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Why great salespeople never pitch for more than 9 minutes

December 5, 2018
Chris Orlob

Chris Orlob

Conversation Intelligence Sales Strategies

In the Gong Labs series, we publish what we learn from analyzing sales conversations with AI. Subscribe here to read upcoming research.

Everything that follows is true.

As far as I know.

There was once a regional sales manager—a rising star in her company.

Everyone knew she was destined to be crowned VP Sales.

One of her quirks was that she documented everything.

She wanted to nail down a deal-closing formula that everybody could follow.

One day, she started her most eyebrow-raising study yet.

Using a hand-held stopwatch, she timed how long her seven reps spent on PowerPoint decks during their sales calls.

She logged it all in a spreadsheet, along with each deal’s outcome.

At the end of the experiment, the data revealed something so clear, she almost didn’t believe it.

Every closed deal involved a sales deck presentation that lasted 9 minutes or less.

The winners all stuck to single-digit presentation times.

And deals that were lost?

Their sales presentations lasted 10 minutes or more.

Here’s what happened when we recreated that experiment analyzing thousands of sales decks with AI.

(Before you go on: Here are 9 tips for crafting sales decks that sell).

The 9-Minute Rule of Winning Sales Decks

The above story is a legend. I didn’t witness it myself.

Here at, we wanted to know if that sales legend stood up under real scrutiny.

We recorded the audio and video of 121,828 web-based sales meetings and analyzed them with AI.

The audio of these meetings was recorded on web conferencing platforms like Zoom, transcribed from speech to text, speaker separated, and analyzed.

A single call dissected by AI looks like this:

Then we analyzed what the sales reps shared over video during each web conference (e.g., slide decks, product demos, webcam face time, etc.):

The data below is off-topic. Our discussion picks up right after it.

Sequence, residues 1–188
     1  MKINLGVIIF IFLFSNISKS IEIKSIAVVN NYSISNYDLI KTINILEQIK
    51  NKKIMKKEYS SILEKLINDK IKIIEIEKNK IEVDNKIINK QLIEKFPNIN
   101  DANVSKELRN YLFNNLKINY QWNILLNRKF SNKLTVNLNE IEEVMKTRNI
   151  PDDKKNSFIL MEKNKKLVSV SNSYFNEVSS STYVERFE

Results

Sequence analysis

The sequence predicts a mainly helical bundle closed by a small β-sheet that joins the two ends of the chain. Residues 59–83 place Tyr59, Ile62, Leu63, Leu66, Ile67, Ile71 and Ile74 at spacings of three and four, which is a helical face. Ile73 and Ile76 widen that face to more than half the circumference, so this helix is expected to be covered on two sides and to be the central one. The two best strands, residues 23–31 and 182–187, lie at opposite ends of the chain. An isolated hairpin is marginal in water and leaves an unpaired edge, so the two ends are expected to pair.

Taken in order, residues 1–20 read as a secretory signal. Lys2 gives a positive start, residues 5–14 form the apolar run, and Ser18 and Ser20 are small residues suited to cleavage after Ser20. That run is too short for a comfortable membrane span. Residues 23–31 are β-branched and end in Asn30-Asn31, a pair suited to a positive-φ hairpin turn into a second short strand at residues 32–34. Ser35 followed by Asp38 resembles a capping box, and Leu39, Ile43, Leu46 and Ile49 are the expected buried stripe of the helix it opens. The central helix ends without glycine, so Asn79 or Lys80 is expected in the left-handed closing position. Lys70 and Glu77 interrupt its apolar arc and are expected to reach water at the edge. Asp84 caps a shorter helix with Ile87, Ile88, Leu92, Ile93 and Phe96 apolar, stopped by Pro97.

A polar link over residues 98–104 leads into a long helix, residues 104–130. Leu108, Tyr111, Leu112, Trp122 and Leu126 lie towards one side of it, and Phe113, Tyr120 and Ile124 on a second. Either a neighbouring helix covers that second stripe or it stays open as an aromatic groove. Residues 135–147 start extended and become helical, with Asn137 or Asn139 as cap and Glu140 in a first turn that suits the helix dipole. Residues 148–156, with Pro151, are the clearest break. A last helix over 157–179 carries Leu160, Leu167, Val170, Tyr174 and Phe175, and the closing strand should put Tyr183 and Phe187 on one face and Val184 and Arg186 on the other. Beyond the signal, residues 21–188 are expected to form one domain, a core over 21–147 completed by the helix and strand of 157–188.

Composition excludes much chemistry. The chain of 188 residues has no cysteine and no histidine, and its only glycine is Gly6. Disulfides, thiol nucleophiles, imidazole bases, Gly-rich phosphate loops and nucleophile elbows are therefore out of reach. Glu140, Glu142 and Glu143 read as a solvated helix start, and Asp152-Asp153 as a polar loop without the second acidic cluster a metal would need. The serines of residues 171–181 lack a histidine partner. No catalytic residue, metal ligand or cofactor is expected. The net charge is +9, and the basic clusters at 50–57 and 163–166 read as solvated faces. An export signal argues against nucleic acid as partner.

Here’s what we learned:

Deals that close use 9.1 minute sales deck presentations, on average, during the introductory sales meeting.

Lost deals involved sales deck presentations of 11.4 minutes, on average:

Be careful what you take away from this.

I’m not suggesting “the shorter the better,” or that you do away with your sales deck entirely.

In fact, I go against popular opinion by promoting the use of sales decks.

Today, many sales professionals loathe them.

What a waste.

Sales decks can be a powerful persuasive tool due to their potent visual impact.

If they’re used correctly.

So what’s the main lesson here?

Winning sales decks stick to the 9-minute rule.

Need inspiration? Try this sales pitch template to frame your offer using language that is proven to resonate with buyers.

The 9-Minute Rule: Rooted in Neuroscience

Brains get bored fast.

Neuroscientists have proven that our brains have a built-in stopwatch that stops around 9-10 minutes.

To command the attention of your customer, you must introduce a “brain-perking” changeof pace.

  • A new speaker
  • A video or demo
  • A dramatic story

Steve Jobs did this brilliantly on stage when presenting new products.

If you watch his keynotes on Youtube, you’ll notice a shift every ten minutes (or less).

He’ll introduce a new speaker, play a video, or do something so different, that the brain can’t help but snap back into shape.

Split Your Sales Calls Into 9 Minute Chapters

Here’s how to apply these insights to win more customers as a sales professional.

First, gut your sales deck.

Make sure it follows the 9-minute rule.

Don’t give your customer a chance to become bored.

Excess length robs even the most influential message of its persuasive power.

It’s like adding water to your favorite scotch.

A few drops bring out the flavor and make a great fireside drink.

But pouring 25% too much water creates a glass full of disappointment.

Second, plan the transition you’ll make at 9 minutes.

Once you’re finished with your deck, you have to “reset” your customer’s internal 9-minute stopwatch.

If you have a second team member on the call (like a sales engineer), now is a great time for them to take over.

Bouncing between multiple voices keeps your customer’s brain on high alert.

The same effect can be achieved by showing a short demo or telling a compelling customer story, full of ups and downs.

Third, keep each “chapter” of your sales call to 9 minutes

Whatever you transition to from your deck, keep that next chapter to 9 minutes or less.

If it’s a product demo, keep it short, sweet, and punchy.

Repeat this process of re-engaging your customer’s brain for the duration of the sales call.

9 Tips for Building Sales Decks That Sell

So far, I haven’t addressed the content aspect of sales decks.

What do you say and show in those 9 minutes to compel your customer?

I have 9 tips you can start using today.

Download them here:

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